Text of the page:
Circumtropical. Indo-Pacific: East Africa (Ref. 3287) to Rapa, north to southern Japan and the Hawaiian Islands, south to New Caledonia. Eastern Pacific: Mexico to Peru, including the Galapagos Islands (Ref. 5530). Western Atlantic: Nova Scotia, Canada and Bermuda through the Gulf of Mexico and the Caribbean to to São Paulo (Ref. 47377), Brazil. Eastern Atlantic: Cape Verde to southern Angola (Ref. 7097).;

Photos

Citations

Attributes / relations provided by
1Jorrit H. Poelen, James D. Simons and Chris J. Mungall. (2014). Global Biotic Interactions: An open infrastructure to share and analyze species-interaction datasets. Ecological Informatics.
2Food Habits of Reef Fishes of the West Indies, John E. Randall, Stud. Trop. Oceanogr. 5, 665–847 (1967)
3Predators of Tuna Baitfish and the Effects of Baitfishing on the Subsistence Reef Fisheries of Fiji, S.J.M. Blaber, D.A. Milton, N.J.F. Rawlinson and A. Sesewa, Tuna Baitfish in Fiji and Solomon Islands: proceedings of a workshop, Suva, Fiji, 17-18 August 1993. ACIAR Proceedings No. 52. p. 51-61
4Diet composition and food habits of demersal and pelagic marine fishes from Terengganu waters, east coast of Peninsular Malaysia, Z. Bachok, M.I. Mansor and R.M. Noordin, NAGA, WorldFish Center Quarterly Vol. 27 No. 3 & 4 Jul-Dec 2004, p. 41-47
5Diet composition of sailfish (Istiophorus platypterus) from the southern Gulf of California, Mexico, José Rosas-Alayolaa, Agustín Hernández-Herrera, Felipe Galvan-Magaña, L. Andres Abitia-Cárdenasa and Arturo F. Muhlia-Melo, Fisheries Research Volume 57, Issue 2, August 2002, Pages 185-195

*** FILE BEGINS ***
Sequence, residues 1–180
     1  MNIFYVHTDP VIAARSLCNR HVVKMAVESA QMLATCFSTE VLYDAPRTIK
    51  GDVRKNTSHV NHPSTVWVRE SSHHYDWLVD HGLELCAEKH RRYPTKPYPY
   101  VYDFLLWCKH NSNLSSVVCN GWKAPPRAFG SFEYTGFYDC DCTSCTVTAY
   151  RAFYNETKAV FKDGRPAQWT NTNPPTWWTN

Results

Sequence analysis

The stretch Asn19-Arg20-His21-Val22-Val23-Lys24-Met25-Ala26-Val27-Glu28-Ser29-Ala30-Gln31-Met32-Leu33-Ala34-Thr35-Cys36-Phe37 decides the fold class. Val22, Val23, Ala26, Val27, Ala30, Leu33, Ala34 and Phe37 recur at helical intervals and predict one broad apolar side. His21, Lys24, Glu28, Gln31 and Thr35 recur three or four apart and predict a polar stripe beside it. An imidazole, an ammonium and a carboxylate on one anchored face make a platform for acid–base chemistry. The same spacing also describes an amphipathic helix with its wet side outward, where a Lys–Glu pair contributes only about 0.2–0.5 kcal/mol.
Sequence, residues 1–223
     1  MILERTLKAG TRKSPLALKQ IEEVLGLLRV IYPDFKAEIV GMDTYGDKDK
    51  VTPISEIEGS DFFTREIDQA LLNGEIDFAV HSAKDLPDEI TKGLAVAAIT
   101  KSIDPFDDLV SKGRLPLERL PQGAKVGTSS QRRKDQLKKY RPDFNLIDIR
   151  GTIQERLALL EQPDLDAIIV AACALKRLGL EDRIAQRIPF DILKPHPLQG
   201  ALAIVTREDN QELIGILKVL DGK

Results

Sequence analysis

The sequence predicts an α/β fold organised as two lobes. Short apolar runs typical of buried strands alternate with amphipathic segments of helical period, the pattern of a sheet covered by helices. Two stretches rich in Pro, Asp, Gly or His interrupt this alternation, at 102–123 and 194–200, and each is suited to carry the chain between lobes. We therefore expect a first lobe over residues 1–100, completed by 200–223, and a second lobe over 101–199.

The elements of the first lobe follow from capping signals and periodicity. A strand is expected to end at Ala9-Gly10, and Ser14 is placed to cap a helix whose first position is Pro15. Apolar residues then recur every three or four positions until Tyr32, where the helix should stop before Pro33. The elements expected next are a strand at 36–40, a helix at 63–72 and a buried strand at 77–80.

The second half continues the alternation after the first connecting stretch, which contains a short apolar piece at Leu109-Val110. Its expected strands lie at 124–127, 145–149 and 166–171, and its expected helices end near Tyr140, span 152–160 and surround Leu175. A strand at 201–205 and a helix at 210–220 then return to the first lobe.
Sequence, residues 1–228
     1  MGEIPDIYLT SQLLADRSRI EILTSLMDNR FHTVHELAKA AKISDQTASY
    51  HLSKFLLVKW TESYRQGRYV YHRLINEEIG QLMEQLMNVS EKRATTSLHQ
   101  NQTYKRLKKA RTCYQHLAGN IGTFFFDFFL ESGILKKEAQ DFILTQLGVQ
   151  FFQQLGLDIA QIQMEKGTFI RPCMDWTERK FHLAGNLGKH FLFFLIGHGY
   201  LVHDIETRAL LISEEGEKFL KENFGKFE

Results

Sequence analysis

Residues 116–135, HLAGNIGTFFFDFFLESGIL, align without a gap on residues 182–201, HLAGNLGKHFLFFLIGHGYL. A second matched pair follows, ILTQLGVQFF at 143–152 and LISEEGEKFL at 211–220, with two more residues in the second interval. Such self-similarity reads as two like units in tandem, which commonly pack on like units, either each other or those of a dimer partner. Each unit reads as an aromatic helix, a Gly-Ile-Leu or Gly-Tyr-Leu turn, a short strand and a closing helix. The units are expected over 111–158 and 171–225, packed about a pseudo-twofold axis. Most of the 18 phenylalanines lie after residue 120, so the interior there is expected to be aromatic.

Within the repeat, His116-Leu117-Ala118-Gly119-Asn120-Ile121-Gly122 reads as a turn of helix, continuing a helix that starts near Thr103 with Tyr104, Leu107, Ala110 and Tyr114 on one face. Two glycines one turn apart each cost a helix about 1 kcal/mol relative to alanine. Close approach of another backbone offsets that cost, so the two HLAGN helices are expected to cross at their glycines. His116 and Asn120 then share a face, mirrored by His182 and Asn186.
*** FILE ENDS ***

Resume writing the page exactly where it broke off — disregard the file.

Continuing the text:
6Food habits and energy values of prey of striped marlin, Tetrapturus audax, off the coast of Mexico, Leonardo A. Abitia-Cardenas, Felipe Galvan-Magaña, Jesus Rodriguez-Romero, Fishery Bulletin 95(2). 1997, p. 360-368
7Feeding habits of the scalloped hammerhead shark, Sphyrna lewini, in Mazatlán waters, southern Gulf of California, Mexico, Yassir TORRES-ROJAS, Agustín HERNANDEZ-HERRERA & Felipe GALVAN-MAGAÑA, Cybium 2006, 30(4) suppl.: 85-90
8Species- and sex-specific differences in foraging behaviour and foraging zones in blue-footed and brown boobies in the Gulf of California, Henri Weimerskirch, Scott A. Shaffer, Yann Tremblay, Daniel P. Costa, Hélène Gadenne, Akiko Kato, Yan Ropert-Coudert, Katsufumi Sato, David Aurioles, Mar Ecol Prog Ser 391: 267–278, 2009
9THE DIET OF MASKED, BROWN AND RED-FOOTED BOOBIES (SULIDAE: PELECANIFORMES) IN THE MONA PASSAGE, PUERTO RICO, Ricardo López-Ortiz, 2007, PhD Dissertation, UPR/RUM
10Gibson, D. I., Bray, R. A., & Harris, E. A. (Compilers) (2005). Host-Parasite Database of the Natural History Museum, London